Age-Related Increases in the Effects of Automatic Semantic Activation
Article - Merrimack Access Only
Psychology and Aging
American Psychological Association
Automatic semantic activation was assessed in a version of the flanker task, in which nominally irrelevant words were presented above and below a target word. The category membership of the flanking word was consistent, inconsistent, or neutral with respect to the target word. Older adults showed greater inhibition and equivalent facilitation in the time taken to classify the target words than did younger adults in 2 of 3 experiments, in contrast to previous findings. The present results are generally consistent with 3 dominant perspectives in cognitive aging: the complexity hypothesis, environmental support, and the inhibition-deficit view. Manipulation of the overall magnitude of the flanker effect produced results most consistent with the inhibition-deficit view that older adults are less able to inhibit automatic processes than are younger adults. Some problems with the inhibition-deficit view are also discussed.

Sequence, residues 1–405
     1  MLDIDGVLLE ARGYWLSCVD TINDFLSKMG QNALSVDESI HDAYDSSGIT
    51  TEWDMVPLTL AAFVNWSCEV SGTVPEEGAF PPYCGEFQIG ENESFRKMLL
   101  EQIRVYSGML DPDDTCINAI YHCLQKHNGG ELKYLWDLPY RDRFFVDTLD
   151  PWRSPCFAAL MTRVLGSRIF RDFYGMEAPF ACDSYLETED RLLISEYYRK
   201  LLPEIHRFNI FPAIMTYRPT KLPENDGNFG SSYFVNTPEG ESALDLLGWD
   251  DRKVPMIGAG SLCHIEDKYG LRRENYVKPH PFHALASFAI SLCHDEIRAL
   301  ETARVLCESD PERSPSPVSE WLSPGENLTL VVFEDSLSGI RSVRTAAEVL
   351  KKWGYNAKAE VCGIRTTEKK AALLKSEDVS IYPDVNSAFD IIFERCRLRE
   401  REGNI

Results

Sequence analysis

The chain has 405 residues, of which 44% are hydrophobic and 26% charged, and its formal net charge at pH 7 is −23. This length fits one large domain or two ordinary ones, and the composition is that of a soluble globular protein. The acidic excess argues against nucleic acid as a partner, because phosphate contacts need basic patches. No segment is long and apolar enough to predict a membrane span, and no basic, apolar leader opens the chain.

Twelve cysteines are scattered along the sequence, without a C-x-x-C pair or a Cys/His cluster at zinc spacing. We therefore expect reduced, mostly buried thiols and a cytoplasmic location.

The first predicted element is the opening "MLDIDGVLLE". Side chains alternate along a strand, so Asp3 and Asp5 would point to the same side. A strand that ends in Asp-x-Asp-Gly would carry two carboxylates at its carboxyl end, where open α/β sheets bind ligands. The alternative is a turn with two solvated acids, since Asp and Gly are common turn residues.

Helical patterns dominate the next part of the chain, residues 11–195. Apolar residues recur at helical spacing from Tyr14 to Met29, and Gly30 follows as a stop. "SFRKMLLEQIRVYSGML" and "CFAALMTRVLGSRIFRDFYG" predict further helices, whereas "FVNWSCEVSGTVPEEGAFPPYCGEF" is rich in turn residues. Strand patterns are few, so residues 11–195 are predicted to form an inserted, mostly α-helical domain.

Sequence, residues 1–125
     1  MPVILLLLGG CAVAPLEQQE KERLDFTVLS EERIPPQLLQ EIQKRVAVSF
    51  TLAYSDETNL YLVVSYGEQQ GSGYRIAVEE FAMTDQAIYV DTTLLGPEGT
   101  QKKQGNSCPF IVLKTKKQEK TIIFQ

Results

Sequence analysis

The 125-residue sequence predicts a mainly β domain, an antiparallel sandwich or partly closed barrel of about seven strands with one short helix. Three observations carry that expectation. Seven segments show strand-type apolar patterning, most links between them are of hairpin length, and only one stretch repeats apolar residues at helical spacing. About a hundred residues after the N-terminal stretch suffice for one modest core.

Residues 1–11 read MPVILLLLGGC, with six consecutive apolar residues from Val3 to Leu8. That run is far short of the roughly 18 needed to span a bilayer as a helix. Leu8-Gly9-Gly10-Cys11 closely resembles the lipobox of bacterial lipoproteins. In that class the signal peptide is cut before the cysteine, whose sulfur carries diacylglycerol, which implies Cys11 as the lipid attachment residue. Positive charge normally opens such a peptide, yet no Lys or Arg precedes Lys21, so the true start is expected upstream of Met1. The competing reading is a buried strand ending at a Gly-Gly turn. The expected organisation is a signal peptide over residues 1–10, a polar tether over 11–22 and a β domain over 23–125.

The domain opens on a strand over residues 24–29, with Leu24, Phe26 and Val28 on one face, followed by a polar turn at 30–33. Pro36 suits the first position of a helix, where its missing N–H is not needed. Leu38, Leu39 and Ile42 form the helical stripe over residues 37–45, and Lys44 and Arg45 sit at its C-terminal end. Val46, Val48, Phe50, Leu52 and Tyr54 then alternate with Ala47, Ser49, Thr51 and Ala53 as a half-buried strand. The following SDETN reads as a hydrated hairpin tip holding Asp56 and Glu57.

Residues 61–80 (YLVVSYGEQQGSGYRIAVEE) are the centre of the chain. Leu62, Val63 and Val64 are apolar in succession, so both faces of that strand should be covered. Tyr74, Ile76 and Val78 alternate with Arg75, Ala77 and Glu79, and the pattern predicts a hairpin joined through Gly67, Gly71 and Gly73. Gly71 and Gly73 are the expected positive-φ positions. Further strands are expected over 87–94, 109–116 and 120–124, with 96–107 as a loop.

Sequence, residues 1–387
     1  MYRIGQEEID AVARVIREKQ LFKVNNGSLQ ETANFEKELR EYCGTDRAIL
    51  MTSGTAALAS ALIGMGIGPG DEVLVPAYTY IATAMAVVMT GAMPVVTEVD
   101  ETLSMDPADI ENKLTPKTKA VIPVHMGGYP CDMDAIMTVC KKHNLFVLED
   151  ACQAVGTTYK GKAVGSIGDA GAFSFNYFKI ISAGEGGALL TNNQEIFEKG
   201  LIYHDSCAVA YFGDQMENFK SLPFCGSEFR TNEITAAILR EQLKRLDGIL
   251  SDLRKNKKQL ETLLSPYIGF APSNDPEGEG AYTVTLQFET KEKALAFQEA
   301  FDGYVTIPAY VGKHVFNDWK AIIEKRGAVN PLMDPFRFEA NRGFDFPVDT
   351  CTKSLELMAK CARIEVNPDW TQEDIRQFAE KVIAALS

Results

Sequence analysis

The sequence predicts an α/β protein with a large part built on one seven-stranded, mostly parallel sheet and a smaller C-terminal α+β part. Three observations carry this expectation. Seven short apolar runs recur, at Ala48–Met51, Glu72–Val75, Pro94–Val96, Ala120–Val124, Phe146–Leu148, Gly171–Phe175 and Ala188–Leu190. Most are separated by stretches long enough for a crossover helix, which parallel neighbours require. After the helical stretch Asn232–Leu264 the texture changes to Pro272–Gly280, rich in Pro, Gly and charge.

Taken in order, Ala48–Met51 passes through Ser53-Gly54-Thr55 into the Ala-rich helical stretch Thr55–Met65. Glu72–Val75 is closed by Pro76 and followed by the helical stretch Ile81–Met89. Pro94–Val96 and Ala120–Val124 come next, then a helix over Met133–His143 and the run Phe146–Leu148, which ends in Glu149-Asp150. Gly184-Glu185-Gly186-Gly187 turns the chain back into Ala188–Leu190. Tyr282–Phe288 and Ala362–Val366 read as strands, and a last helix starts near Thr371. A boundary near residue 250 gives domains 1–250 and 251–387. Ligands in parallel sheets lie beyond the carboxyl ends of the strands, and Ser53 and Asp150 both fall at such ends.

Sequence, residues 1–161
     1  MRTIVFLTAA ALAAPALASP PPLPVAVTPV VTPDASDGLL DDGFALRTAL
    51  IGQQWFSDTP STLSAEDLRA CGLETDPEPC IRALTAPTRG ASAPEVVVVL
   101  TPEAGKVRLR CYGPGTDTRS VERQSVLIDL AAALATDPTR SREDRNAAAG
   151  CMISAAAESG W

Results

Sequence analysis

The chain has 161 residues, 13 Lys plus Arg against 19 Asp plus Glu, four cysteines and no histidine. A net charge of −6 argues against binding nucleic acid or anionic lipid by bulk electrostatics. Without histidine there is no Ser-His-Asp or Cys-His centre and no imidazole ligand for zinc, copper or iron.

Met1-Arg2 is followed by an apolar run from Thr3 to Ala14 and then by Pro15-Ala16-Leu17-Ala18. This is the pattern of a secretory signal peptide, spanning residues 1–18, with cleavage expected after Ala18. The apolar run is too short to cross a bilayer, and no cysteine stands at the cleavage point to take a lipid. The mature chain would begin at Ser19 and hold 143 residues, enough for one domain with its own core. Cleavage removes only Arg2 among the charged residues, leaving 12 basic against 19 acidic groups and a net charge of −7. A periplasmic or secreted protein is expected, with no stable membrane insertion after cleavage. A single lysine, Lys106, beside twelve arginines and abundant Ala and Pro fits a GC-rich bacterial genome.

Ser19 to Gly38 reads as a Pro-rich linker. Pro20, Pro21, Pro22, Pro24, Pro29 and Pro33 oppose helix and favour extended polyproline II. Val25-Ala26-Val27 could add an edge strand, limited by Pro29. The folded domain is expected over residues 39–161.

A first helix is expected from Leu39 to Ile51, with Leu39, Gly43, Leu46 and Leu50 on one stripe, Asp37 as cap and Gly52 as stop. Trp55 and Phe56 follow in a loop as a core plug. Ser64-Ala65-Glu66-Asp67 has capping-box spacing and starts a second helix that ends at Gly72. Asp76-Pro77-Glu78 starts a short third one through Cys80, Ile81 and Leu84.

Shaw, R. J.
(1991). Age-Related Increases in the Effects of Automatic Semantic Activation. Psychology and Aging, 6(4), 595-604.
Available at: http://scholarworks.merrimack.edu/psy_facpub/7